from Wiktionary, Creative Commons Attribution/Share-Alike License
- v. Present participle of straggle.
from the GNU version of the Collaborative International Dictionary of English
- a. & n. from straggle, v.
from The Century Dictionary and Cyclopedia
- n. A mode of dressing the surfaces of grindstones.
from WordNet 3.0 Copyright 2006 by Princeton University. All rights reserved.
- adj. spreading out in different directions
Sorry, no etymologies found.
Though "they had a very fine day" and everything is formally perfect "outward circumstances of arrangement, accommodation, and punctuality" the banded host of harmony dispersed in straggling sounds: "there was deficiency [...] a languor, a want of spirits, a want of union, which could not be got over" (III. vii, 331-32).
In a dingy basement window a crooked sign, in straggling, penciled letters, caught Sophie's eye: "Room to let, a bargain, cheap."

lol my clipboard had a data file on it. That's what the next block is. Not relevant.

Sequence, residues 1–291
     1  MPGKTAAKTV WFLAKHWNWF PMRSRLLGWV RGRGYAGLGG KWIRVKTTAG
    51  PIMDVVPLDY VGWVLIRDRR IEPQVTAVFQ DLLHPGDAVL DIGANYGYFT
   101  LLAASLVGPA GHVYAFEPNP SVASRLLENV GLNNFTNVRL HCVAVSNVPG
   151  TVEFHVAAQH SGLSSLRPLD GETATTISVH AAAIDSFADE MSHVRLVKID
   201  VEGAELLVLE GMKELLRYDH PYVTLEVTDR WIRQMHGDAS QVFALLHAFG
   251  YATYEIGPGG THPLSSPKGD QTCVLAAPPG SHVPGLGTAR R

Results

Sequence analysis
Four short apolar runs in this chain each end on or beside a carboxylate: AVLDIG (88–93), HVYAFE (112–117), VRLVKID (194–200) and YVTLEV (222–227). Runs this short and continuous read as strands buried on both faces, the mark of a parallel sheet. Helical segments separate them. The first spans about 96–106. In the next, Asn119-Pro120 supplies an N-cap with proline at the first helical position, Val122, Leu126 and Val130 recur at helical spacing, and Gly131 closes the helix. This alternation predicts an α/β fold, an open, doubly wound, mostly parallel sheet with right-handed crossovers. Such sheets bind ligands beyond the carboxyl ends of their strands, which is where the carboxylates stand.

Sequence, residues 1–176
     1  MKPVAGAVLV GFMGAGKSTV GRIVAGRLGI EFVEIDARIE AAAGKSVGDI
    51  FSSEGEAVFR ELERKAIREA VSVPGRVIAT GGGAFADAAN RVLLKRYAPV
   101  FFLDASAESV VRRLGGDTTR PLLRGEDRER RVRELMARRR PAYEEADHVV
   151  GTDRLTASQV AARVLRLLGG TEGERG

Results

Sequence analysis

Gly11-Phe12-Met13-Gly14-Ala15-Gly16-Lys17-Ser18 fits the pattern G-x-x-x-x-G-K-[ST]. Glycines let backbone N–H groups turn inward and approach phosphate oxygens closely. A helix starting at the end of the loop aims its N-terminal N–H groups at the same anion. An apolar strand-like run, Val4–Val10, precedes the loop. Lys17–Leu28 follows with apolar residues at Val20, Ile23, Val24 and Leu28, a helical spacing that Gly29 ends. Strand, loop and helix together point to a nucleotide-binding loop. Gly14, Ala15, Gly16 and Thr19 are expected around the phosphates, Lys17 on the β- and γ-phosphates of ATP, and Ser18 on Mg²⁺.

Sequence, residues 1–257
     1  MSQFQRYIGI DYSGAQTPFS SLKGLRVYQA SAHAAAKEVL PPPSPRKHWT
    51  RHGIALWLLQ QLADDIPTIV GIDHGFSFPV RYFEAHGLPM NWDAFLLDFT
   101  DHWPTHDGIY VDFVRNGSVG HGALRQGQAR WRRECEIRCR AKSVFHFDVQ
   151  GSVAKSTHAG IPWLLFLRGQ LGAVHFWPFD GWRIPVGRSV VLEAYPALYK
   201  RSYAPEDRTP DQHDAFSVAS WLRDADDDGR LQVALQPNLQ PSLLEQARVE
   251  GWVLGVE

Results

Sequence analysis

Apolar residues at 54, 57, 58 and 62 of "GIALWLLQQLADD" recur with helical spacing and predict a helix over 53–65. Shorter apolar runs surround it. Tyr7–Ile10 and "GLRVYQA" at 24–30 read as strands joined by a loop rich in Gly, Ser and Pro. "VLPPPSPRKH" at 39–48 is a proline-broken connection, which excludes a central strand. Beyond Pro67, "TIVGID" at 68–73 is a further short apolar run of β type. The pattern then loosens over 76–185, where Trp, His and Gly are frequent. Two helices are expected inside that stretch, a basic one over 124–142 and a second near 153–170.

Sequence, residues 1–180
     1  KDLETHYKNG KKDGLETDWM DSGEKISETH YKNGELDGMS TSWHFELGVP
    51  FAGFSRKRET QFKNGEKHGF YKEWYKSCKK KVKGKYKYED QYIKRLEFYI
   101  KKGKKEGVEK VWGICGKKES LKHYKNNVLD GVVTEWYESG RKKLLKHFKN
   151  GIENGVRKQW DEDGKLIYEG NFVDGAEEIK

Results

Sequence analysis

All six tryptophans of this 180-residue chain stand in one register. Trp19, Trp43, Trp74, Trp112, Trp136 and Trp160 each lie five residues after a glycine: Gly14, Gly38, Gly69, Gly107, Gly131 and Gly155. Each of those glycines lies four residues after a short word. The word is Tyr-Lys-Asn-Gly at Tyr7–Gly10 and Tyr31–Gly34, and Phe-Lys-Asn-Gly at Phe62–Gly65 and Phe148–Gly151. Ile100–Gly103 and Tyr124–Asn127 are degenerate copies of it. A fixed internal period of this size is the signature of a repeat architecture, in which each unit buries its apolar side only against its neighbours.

She was dark, like her mother, but her features were irregular, and her hair fell in straggling, dim locks about her face.
Here the memorandum ceased with a long line straggling from the letter y as if the writer had been surprised at his task.
The whole remnant of the wretched army now crossed in straggling parties to the landing-place.
Their light brown hair was worn in short, straggling ringlets in front, and twisted up with a comb behind.
Following the detectives the other members of the party came in straggling order, and it was well after 10 o’clock when the real business of the day was commenced in the top paddock at Kilmany Park, about a mile and a half further on than what is known as the racecourse paddock.
Another reason for much of the straggling was the diet on which the men had to subsist.
"Fort Pitt," as they were accustomed to call the straggling hamlet, stood at the foot of the hills at the confluence of the Allegheny and
The clear whistle called the straggling figures together.